We invite contributions to think about and relate to questions such as the following:
- How does technology remake death and dying at the beginning of life?
- How are colonial pasts, as well as racialized and gendered perceptions of bodies, entangled in the use of technologies of life and death at the beginning of life?
- What bio- and necropolitical practices are involved in the population politics at stake globally regarding bodies that are enabled to either live or die?
- How does the cryopreservation of gametes relate to life and death, given that the suspension of life is enabled?
- How does technology shape experiences and politics regarding abortion globally?
- As medical staff, what is it like to work with technologies enabling life and death?
- How are abortion and fetal reduction experienced by pregnant persons?
- How are technologies entangled with affect or emotions during the process of making life and death?
- How do legal and medical technologies intersect as perceptions of quality of life are assessed in decisions on whether to allow someone to live or die?
- How are technologies used to manage the deaths of fetuses and infants in maternity wards and neonatal intensive care units until the burial or disposal of the body, and what norms of affect and grieving are implied?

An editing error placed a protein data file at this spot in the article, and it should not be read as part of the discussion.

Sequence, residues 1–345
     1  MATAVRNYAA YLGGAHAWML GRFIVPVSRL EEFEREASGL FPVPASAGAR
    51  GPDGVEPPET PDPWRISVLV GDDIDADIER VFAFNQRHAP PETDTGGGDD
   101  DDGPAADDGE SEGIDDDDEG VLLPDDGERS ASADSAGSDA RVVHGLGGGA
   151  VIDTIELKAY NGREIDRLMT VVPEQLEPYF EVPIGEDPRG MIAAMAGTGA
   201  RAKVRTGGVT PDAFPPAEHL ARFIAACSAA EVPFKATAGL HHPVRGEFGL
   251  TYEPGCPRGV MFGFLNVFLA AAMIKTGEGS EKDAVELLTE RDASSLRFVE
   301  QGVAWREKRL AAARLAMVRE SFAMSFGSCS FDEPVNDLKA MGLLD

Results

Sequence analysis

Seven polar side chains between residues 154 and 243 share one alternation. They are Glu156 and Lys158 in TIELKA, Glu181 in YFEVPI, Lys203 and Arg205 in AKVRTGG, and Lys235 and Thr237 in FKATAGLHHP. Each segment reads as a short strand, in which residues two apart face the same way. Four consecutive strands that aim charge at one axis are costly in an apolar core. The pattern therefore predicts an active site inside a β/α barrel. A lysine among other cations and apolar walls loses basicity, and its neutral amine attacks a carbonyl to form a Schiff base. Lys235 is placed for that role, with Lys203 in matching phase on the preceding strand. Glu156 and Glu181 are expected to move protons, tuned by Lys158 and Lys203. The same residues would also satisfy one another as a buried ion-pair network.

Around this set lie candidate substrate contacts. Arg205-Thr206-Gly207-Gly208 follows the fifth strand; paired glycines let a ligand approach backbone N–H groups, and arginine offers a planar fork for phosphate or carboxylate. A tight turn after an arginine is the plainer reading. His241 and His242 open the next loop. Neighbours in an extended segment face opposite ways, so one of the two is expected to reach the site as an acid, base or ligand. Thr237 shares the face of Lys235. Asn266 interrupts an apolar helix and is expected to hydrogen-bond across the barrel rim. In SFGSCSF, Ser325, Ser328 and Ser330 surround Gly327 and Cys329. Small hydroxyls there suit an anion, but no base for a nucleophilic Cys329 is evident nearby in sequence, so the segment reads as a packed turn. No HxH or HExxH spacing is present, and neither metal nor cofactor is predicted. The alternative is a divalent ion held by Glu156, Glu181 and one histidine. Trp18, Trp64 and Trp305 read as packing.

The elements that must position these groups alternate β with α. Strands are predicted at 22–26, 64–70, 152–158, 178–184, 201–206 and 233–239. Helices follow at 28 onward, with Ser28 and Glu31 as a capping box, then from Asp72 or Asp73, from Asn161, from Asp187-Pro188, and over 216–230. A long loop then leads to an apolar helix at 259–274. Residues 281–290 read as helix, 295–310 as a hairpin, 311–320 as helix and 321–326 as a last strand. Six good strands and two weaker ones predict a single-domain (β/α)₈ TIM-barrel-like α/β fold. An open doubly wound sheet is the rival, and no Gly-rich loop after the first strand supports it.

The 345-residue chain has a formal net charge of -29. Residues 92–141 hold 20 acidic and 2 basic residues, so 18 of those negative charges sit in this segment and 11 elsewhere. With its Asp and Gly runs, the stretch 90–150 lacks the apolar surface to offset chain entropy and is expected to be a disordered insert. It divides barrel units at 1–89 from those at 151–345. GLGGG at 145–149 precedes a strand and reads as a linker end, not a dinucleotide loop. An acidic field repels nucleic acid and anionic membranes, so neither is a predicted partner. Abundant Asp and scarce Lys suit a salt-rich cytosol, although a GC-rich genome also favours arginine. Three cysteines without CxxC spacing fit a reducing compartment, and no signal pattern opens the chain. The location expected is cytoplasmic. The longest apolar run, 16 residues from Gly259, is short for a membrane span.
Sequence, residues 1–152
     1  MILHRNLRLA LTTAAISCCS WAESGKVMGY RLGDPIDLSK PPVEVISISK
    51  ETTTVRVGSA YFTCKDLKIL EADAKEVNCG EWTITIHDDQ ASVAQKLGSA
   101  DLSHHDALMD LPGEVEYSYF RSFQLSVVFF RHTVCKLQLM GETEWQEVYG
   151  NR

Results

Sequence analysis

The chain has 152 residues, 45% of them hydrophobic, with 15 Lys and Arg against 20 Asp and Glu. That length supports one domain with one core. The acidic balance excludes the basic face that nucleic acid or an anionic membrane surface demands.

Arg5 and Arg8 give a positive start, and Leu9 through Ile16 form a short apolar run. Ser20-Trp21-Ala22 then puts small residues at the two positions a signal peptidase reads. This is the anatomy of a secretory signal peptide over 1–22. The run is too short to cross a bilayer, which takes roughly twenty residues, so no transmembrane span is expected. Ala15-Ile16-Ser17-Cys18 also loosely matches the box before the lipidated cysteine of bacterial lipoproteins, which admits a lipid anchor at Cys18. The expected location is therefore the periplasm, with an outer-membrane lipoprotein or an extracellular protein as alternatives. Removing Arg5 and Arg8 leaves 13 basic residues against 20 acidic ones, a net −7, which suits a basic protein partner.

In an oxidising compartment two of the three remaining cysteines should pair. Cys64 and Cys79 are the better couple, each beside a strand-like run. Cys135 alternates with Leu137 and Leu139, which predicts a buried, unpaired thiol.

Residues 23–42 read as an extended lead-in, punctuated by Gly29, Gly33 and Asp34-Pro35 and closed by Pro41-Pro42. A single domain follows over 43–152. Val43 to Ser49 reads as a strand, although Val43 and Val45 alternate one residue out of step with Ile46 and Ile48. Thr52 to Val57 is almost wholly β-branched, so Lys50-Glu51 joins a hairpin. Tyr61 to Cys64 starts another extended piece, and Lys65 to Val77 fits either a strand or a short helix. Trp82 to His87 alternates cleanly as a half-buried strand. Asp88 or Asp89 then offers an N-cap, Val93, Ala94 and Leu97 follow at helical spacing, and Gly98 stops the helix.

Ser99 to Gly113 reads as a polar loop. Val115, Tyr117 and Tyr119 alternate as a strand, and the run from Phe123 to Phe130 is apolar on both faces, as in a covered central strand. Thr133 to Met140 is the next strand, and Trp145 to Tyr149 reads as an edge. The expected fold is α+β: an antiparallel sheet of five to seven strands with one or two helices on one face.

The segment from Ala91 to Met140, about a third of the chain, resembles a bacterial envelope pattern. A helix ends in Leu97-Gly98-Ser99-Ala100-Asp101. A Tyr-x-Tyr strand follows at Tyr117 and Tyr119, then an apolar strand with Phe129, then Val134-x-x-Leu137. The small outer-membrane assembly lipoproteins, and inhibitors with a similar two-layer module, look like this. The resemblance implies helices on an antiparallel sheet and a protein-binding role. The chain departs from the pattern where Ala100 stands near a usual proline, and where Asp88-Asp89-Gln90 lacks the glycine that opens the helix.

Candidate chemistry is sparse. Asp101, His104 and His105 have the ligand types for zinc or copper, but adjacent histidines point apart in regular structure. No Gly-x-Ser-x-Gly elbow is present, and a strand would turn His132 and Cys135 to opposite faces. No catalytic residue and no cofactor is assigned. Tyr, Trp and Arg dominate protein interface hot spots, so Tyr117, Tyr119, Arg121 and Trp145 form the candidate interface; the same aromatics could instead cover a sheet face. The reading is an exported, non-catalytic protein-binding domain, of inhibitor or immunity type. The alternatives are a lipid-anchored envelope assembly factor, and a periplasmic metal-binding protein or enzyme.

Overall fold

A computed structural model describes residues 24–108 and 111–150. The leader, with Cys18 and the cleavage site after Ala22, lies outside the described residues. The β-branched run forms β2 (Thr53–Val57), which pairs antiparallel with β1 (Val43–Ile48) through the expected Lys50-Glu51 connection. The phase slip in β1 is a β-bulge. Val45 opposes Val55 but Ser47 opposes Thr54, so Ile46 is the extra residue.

- How do parents who have lost a child or terminated a pregnancy live with the remaking of death and dying through technologies?
- How can technologies of life and death at the beginning of life be theoretically conceptualized?
- What are the methodological challenges of studying technologies of life and death at the beginning of life?
Associate professor, Professors: DKR 1,375 (EUR 182) including VAT
Postdoc, Ph.D. students, scientific assistants: DKR 1,000,- (EUR 135) including VAT
BA and KA students DKR 440 (EUR 60) incl. VAT (Dinner is not included)